Forstner bits

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Forum topic by Rich L. posted 09-17-2021 10:34 PM 602 views 0 times favorited 12 replies Add to Favorites Watch
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Rich L.

61 posts in 3524 days

09-17-2021 10:34 PM

Ii all, I’m looking for a bit set for my Harbor Freight 10×18 lathe. they’re for small boxes or to hog some material for small bowls. I have a cheap old set that I bought years ago from one of those traveling tool sales companies. they’ve served me well when needed but don’t really cut it on the lathe. i can start a at around 3/4 and increase size a max of 1’8 at a time to get larger holes; but hardly worth the effort. The minimum rpm on my lathe is 750 so I’m sure that’s an issue too.

Anyway, more than a particular brand (though suggestions are appreciated) I’m wondering if a specific tooth configuration might be best. Mine have quite a few teeth. I’ve watched several YouTube videos where skilled turners, unlike myself, use bits with less teeth. your opinions are appreciated.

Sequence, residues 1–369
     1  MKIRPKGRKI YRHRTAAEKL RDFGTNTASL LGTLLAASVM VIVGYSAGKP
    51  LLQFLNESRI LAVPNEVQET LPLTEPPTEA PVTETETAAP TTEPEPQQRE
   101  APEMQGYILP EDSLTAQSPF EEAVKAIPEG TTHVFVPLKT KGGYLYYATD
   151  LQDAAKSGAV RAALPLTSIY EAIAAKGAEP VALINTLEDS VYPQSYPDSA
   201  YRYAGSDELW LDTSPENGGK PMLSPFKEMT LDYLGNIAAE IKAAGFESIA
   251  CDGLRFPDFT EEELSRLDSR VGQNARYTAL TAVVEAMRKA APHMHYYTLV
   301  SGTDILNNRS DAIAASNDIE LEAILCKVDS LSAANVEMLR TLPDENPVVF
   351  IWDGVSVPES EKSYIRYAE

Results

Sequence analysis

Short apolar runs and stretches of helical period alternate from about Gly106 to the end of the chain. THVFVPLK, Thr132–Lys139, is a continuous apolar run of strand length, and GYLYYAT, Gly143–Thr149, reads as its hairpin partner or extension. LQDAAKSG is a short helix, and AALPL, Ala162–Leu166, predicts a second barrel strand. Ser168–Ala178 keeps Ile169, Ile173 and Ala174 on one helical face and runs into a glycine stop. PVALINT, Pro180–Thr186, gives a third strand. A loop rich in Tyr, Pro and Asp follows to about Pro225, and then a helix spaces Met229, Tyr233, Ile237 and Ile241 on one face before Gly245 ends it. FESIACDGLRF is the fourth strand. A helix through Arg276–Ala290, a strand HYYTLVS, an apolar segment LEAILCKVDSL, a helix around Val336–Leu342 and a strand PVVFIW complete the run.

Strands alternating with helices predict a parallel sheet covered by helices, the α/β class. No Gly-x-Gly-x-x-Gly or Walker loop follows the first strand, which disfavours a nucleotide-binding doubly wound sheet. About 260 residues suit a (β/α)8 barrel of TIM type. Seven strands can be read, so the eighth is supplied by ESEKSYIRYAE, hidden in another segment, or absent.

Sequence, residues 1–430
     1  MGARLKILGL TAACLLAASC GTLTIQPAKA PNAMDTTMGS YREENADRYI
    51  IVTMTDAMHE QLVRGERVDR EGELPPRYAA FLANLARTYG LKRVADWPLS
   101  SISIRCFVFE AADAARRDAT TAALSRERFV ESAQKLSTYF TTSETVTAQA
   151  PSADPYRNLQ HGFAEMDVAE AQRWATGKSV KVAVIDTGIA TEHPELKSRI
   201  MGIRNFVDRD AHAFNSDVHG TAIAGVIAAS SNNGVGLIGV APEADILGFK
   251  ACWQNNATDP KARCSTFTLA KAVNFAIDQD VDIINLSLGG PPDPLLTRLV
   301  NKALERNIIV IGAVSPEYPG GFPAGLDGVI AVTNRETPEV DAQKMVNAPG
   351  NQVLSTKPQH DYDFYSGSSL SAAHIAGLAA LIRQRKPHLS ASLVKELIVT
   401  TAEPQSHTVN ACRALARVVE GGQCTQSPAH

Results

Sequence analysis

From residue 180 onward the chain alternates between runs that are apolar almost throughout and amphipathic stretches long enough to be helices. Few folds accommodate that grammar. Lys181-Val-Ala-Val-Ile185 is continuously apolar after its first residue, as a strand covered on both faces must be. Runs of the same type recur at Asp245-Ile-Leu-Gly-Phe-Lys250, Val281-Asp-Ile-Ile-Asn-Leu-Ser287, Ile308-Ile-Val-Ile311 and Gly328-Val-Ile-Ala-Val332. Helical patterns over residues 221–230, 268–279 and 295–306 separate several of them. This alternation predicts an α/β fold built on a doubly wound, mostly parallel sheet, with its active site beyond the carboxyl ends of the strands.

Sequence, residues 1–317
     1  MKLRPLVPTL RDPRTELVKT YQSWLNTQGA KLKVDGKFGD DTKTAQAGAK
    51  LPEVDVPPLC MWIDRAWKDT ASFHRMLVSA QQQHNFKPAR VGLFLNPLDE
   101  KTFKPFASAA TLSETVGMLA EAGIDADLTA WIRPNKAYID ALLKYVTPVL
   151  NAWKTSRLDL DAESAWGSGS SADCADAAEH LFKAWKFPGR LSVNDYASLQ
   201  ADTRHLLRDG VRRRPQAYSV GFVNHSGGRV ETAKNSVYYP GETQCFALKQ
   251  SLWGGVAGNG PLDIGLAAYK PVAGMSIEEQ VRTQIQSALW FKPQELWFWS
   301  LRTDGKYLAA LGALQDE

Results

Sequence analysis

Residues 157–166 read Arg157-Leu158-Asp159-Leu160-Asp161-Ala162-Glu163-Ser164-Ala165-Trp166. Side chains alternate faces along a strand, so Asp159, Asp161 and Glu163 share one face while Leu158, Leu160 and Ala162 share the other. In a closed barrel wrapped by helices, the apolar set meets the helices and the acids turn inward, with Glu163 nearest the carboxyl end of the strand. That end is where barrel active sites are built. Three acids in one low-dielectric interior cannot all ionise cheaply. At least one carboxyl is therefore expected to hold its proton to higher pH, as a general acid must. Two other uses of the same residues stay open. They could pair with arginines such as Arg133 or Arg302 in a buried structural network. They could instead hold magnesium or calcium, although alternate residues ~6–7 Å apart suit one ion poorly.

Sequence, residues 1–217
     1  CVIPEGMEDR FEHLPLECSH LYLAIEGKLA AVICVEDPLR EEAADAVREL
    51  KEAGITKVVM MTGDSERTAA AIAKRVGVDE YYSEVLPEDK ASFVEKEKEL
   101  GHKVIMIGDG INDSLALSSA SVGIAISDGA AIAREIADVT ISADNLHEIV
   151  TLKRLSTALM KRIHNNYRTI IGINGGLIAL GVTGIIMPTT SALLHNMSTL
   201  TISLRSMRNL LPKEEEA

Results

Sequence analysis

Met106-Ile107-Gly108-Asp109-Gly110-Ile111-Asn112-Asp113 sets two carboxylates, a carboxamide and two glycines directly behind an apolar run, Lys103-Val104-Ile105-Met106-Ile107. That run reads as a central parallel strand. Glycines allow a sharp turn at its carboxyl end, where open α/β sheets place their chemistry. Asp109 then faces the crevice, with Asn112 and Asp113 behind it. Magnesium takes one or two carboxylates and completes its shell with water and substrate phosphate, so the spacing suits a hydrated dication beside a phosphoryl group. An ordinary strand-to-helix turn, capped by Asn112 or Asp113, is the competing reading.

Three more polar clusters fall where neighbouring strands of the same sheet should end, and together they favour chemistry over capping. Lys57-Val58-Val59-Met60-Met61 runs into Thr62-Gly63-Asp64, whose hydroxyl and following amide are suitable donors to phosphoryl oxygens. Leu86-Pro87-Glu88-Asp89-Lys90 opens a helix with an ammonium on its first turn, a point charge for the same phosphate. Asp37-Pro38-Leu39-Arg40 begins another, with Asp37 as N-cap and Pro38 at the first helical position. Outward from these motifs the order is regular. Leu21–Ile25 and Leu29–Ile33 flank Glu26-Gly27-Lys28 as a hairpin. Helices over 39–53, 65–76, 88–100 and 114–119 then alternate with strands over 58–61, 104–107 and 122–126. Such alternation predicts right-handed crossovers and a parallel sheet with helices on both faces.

Thanks Rich L.

-- Rich, Southern CA

12 replies so far

View SMP's profile


4842 posts in 1152 days

#1 posted 09-17-2021 11:09 PM

I’ve had good luck with Fisch Waves.

View tvrgeek's profile


2292 posts in 2896 days

#2 posted 09-17-2021 11:35 PM

I have a set of HF. Well, I have a Fisch set in my shopping cart!

View therealSteveN's profile


8900 posts in 1821 days

#3 posted 09-17-2021 11:52 PM

Fisch Wavecutters are probably the best right now, but any of the Fisch line is going to be much better than the average stuff out there. If you can hold out, this is the kind of thing that someone will have a low low Christmas price on. If you need to act fast, just buy the individuals that you absolutely need now, look at the others at Christmas.